They were successful in disrupting an environmental impact report meeting on 16 September, partly by arguing that the gathering violated Covid-19 social distancing rules.

"I started shouting and using the microphone and said 'this meeting should be cancelled' and all our friends and villagers started shouting 'cancel this meeting, cancel this meeting' because of the pandemic and they couldn’t resist our protests," said Dogan.

In response to their demonstration, security forces fired tear gas and dispersed the activists - but they were nevertheless successful in throwing a spanner in the works of the powerful company.

Dogan said the preparation of an environmental impact assessment by the company would ultimately take around six to eight months. If it is then approved, the campaigners plan to pursue legal action.

'Crisis era'

The struggle on Mount Ida is just one of many examples of what environmental activists say is a mentality by the Turkish government that places construction and business interests ahead of conservation and climate concerns.

The long planned Istanbul canal project, mining in the mountains of Artvin (another Cengiz Holding endeavour), the flooding of the ancient town of Hasankeyf and the damming of the Tigris are just a few of the instances that have raised concerns domestically and internationally about the country's environmental direction.

Even the 2013 anti-government protests, which saw millions taking to the streets of Turkey to oppose then Prime Minister Recep Tayyip Erdogan's rule, were sparked off by the attempted demolition of Gezi Park, one of the last green spaces in Istanbul.

On 21 September, activists in Turkey launched a new Green Party with an aim to challenge this and to highlight on a political platform the risks to the country's green landscapes.

Emine Ozkan, one of the party's spokespeople, told MEE that the world was entering a "crisis era" for climate change and environmental damage and that Turkey's government had been one of the worst offenders.

"Since coming to power in 2002, the AKP government has adopted a human-centered, anthropocentric approach that values nature as a resource to be exploited for human benefit," she said.

"For the last 20 years, there has not been a single day where we have not seen an image of eco-massacre on the media: mining projects, hydroelectric power plants and nuclear reactors, each bringing alarming environmental concerns are being built or planned in many parts of the country."

She added that Turkey's carbon emissions had increased 140 percent since 1990 and that the country is currently the 15th largest greenhouse gas emitter in the world. 

Despite the poor environmental standards in Turkey (not to mention the wider world) she said she hoped the new party could, politically, express the wishes of the country's wide-ranging, grassroots movements.

"In Turkey, we are exploiting and destroying nature on an unprecedented scale, deepening and widening the impacts of the environmental damage, such as the plundering of natural resources, the loss of biodiversity, the increase in desertification, deforestation and the reduction or extinction of a vast array of species," she said.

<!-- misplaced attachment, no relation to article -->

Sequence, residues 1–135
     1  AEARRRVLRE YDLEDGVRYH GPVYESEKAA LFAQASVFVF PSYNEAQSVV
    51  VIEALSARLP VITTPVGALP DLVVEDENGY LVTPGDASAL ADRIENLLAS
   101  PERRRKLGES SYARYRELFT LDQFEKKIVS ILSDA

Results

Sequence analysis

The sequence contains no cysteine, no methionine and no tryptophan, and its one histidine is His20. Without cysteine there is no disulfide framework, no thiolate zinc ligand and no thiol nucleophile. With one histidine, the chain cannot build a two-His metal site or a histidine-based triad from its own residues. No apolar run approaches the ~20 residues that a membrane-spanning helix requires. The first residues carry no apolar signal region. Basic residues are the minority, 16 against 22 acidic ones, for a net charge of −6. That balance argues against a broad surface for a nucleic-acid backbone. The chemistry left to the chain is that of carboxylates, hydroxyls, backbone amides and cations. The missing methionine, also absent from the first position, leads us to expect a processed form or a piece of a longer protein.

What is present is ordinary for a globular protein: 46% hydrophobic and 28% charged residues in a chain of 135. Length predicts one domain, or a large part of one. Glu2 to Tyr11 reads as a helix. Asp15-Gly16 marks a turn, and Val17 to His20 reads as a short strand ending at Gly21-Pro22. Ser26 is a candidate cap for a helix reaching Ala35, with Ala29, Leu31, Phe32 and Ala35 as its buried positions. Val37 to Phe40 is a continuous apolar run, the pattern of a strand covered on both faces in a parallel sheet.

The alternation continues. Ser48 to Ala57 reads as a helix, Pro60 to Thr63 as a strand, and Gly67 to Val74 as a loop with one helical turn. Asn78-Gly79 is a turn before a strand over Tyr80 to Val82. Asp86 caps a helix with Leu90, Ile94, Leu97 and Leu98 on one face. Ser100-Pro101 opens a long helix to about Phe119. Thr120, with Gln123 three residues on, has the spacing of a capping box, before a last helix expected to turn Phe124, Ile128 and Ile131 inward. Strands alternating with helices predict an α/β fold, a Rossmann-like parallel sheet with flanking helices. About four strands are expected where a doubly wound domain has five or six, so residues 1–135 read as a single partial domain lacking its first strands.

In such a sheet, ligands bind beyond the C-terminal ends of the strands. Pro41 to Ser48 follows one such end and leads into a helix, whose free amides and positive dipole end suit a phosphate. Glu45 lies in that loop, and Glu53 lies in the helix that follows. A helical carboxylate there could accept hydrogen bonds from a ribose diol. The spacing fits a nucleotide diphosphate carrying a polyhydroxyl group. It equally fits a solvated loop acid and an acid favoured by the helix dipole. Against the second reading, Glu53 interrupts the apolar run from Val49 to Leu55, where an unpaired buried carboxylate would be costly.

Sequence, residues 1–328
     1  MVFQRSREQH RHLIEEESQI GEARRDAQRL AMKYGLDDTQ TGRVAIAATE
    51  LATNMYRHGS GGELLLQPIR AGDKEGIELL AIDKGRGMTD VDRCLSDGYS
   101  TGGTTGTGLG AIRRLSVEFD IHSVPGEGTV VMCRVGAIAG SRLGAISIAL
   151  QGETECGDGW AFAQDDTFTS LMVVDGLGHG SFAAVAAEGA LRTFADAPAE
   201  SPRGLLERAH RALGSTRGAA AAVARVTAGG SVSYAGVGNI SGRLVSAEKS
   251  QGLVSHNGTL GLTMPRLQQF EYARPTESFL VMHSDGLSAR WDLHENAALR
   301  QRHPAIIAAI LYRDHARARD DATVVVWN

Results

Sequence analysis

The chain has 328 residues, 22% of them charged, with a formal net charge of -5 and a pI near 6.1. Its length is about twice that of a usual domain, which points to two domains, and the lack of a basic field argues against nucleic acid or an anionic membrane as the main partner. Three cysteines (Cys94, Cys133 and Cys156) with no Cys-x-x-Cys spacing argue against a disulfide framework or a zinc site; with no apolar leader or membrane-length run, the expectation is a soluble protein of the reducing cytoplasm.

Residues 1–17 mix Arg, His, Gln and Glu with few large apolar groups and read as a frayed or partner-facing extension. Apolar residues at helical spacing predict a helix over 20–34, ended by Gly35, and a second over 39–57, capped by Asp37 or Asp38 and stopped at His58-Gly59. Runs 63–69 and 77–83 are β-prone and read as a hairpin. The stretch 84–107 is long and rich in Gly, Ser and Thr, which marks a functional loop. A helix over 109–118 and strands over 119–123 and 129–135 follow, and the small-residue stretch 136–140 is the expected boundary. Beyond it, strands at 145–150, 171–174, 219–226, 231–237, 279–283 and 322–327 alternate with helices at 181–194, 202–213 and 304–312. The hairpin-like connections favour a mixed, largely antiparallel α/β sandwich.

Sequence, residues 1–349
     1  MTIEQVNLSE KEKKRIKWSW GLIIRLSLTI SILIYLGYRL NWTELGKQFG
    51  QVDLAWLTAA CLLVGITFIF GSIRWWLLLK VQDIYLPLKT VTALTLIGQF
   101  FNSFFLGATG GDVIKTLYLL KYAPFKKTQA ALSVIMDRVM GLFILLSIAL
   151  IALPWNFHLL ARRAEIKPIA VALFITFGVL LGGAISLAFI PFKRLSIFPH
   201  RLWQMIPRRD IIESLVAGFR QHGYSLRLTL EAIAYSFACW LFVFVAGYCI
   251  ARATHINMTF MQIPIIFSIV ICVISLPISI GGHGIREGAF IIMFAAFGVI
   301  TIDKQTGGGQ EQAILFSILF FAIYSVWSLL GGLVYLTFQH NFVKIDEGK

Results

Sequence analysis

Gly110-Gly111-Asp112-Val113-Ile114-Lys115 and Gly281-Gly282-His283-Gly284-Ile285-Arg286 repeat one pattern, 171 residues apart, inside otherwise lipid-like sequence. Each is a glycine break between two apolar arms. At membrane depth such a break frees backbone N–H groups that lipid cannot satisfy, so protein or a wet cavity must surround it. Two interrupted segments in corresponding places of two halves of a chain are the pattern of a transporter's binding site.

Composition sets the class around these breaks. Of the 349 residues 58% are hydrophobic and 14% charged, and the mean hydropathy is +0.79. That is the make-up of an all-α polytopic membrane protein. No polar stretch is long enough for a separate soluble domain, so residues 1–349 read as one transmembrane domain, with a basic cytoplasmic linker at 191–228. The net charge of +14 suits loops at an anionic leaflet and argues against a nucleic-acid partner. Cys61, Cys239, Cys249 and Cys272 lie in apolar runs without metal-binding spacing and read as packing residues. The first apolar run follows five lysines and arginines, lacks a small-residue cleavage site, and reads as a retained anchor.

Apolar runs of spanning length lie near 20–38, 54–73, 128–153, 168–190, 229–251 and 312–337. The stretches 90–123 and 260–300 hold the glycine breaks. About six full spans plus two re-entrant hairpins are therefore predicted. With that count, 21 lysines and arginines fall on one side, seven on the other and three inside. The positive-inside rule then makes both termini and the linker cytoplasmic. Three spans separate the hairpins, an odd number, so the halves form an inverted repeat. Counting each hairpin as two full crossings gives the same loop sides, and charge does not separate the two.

"However, we are also witnessing the emergence of unprecedented grassroots movements fighting against these exploitations that are ruining their lives, their livelihood and their homeland. Even though environmental issues are considered a 'luxury' by some, these grassroot movements show that the environment is not an abstract, distant problem."

Mining licenses threaten environment in Turkey’s Kaz Mountains, report

August 16, 2020

Licenses issued for mining operations that cover 79 percent of the Kaz Mountains in the northwestern province of Çanakkale threaten the environment, according to a recent report from the Turkish Foundation for Combating Soil Erosion (TEMA), the Hürriyet Daily News reported.

Licenses were issued based on information obtained from the General Directorate of Mining and Petroleum Affairs (MAPEG) for roughly 1.3 million hectares of land out of 1.7 million hectares in the area, which define the borders of the Kaz Mountains.

The report by TEMA noted that the mountains were designated as a national park in 1994 and a protected wildlife reserve in 1998.

“The Kaz Mountains are an important site for wildlife. Scientists have identified 800 different plant species to date in the region. The Kaz Mountains were declared a ‘high-quality tourism area’ in the National Tourism Strategy for 2007-2023, and they are home to various cultural heritage sites, whose areas cover 103,000 hectares of land,” the report said.

Amendments to Turkey’s mining law raise the prospect that licenses will be issued for “every inch” of the Kaz Mountains, according to the TEMA report.

“Those ancient cultures and natural assets that have come into existence over millions of years will be put at risk.

The Kaz Mountains are a world heritage site that must be protected against mining operations,” the report said.

According to a report by the Sözcü daily in 2019, the Turkish government issued 279 mining licenses for 155 companies.

Last year, Turkish environmentalists launched a weeks-long protest against a Canadian company’s mining activities in the area. Following the public backlash, the company’s license was not renewed by the government.